What’s more, “this isn’t an issue just for the childcare sector,” as AnnElizabeth points out. “It’s an issue for all employers, because all employers employ parents.” And for employees with kids, concerns go far beyond how to safely work in an office; without childcare, they can’t show up in the first place.
As long as parents can’t — or don’t want to — access external childcare for safety reasons, they will struggle to work at the same levels as before, AnnElizabeth explains, which could deepen the economic crisis by decreasing production and spending.
Job postings for babysitters and nannies are actually trending 24% higher than last year.AnnElizabeth Konkel
“Childcare is essential to a fully functioning economy,” she says, and recommends that employers focus on flexibility to help out parents.
Even before COVID, mothers were explicitly asking for more flexible work arrangements — and 80% of moms say they are now doing the majority of homeschooling during the pandemic. As we continue to adjust to a new way of living and working, employers might be better able to attract and retain workers by allowing them — especially those with children — flexibility in terms of factors such as location and working hours.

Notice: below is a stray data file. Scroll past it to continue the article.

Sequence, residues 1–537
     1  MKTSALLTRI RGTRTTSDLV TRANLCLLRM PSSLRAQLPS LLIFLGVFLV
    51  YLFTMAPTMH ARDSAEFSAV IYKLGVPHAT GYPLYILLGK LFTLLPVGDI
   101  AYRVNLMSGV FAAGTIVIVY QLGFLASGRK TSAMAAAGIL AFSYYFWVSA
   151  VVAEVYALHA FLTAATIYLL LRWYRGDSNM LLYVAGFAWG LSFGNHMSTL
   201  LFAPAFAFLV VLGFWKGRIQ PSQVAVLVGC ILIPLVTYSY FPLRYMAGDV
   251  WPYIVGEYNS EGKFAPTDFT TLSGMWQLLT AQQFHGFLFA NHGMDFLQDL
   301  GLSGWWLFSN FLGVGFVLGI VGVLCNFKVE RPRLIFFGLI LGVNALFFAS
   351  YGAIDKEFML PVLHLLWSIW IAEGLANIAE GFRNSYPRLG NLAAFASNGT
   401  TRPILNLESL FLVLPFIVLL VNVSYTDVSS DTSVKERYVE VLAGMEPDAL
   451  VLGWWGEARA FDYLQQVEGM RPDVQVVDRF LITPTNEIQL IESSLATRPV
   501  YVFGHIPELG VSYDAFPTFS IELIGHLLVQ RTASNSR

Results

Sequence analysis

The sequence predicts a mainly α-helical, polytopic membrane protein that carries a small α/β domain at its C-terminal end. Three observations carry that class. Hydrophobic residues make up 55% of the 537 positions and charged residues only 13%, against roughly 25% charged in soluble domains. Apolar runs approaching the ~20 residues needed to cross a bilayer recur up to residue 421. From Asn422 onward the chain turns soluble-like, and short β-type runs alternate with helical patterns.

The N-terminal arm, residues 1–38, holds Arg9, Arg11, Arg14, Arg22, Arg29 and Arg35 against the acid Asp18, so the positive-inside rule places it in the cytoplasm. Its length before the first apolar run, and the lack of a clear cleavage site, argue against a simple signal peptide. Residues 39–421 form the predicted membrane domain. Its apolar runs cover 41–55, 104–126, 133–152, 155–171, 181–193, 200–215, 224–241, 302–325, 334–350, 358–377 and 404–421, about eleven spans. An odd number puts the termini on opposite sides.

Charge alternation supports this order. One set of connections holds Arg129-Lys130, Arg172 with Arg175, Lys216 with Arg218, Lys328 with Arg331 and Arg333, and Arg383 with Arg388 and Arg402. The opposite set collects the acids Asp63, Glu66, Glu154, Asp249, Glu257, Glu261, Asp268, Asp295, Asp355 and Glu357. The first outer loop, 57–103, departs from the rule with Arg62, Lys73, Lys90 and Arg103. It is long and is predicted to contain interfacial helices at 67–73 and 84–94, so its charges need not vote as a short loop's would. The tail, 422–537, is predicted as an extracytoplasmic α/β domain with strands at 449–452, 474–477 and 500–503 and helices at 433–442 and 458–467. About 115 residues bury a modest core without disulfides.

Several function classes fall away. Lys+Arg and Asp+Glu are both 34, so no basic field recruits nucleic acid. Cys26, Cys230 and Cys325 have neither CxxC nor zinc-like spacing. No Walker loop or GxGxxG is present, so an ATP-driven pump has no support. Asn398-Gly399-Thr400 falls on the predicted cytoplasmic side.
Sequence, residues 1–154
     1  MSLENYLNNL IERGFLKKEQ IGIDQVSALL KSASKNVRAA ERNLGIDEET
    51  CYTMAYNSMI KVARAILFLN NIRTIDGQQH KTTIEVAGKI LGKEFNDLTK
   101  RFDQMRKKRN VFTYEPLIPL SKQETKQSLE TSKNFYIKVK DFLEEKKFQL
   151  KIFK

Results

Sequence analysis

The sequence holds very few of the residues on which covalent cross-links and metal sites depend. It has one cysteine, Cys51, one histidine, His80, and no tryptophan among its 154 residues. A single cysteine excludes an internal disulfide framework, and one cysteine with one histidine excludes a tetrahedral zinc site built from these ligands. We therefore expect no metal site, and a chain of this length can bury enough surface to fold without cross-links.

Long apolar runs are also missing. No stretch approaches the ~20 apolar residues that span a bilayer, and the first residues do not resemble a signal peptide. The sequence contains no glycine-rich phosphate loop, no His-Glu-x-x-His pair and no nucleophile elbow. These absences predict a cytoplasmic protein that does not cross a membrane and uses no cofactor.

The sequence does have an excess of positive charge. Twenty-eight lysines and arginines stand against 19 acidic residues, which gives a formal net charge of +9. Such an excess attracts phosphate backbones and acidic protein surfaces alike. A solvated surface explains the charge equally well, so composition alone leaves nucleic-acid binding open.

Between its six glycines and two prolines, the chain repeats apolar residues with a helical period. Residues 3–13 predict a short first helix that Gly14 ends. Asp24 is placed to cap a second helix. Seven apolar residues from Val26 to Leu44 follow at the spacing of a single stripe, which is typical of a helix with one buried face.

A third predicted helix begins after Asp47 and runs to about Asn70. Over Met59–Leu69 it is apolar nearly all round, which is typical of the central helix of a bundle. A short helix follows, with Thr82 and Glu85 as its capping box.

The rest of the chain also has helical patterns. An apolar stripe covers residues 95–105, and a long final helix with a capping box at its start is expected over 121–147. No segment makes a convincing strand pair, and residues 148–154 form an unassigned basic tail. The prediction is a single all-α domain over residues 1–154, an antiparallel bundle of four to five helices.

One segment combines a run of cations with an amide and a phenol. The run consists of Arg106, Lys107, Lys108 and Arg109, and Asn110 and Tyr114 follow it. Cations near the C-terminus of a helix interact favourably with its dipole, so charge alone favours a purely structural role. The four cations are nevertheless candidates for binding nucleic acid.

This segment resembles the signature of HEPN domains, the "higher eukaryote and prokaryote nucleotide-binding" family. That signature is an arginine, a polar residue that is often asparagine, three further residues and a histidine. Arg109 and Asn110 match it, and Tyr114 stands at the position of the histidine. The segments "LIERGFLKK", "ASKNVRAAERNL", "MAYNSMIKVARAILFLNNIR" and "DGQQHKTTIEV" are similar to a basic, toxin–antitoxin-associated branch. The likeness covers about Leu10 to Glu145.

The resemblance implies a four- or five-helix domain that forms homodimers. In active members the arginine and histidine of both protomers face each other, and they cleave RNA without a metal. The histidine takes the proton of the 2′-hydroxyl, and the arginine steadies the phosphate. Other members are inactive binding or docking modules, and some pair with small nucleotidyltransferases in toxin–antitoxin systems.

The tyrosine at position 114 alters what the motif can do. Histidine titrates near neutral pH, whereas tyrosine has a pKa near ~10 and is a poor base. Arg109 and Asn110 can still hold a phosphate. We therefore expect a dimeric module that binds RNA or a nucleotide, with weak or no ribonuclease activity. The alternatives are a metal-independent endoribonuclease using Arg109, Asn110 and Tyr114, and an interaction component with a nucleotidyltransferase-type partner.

What does this mean for job seekers?
Not all childcare jobs are the same, and demand for certain types of care workers has actually increased during coronavirus: While demand for daycare center staff is lagging behind, job postings for babysitters and nannies (which AnnElizabeth refers to as “bespoke” childcare) are actually trending 24% higher than last year.
This disparity is likely due to safety concerns. Sending children to schools and daycare facilities still isn’t possible in many places, and even where it is, such gatherings pose health risks parents may not want their kids to face. Instead, it seems, many parents are opting to bring individual care workers into their homes. As a result, there are fewer opportunities in daycare facilities than in bespoke care, and there are not as many of these childcare jobs as were available before COVID.
Here, AnnElizabeth makes a very interesting observation: “The demand for babysitters and nannies is probably even higher than what we see in job postings, because these jobs are often part of the informal economy, which we can’t measure here.”
As we enter the fall, it doesn’t look like the pressure of parenting during COVID-19 will ease up anytime soon. Childcare workers may be able to find work and support families more easily through nannying or babysitting.
All employers, whether in the childcare sector or not, are affected by the particular struggles parents are facing. Prioritizing flexibility for employees could help employers retain talent, and ensure that working parents can contribute to the best of their abilities.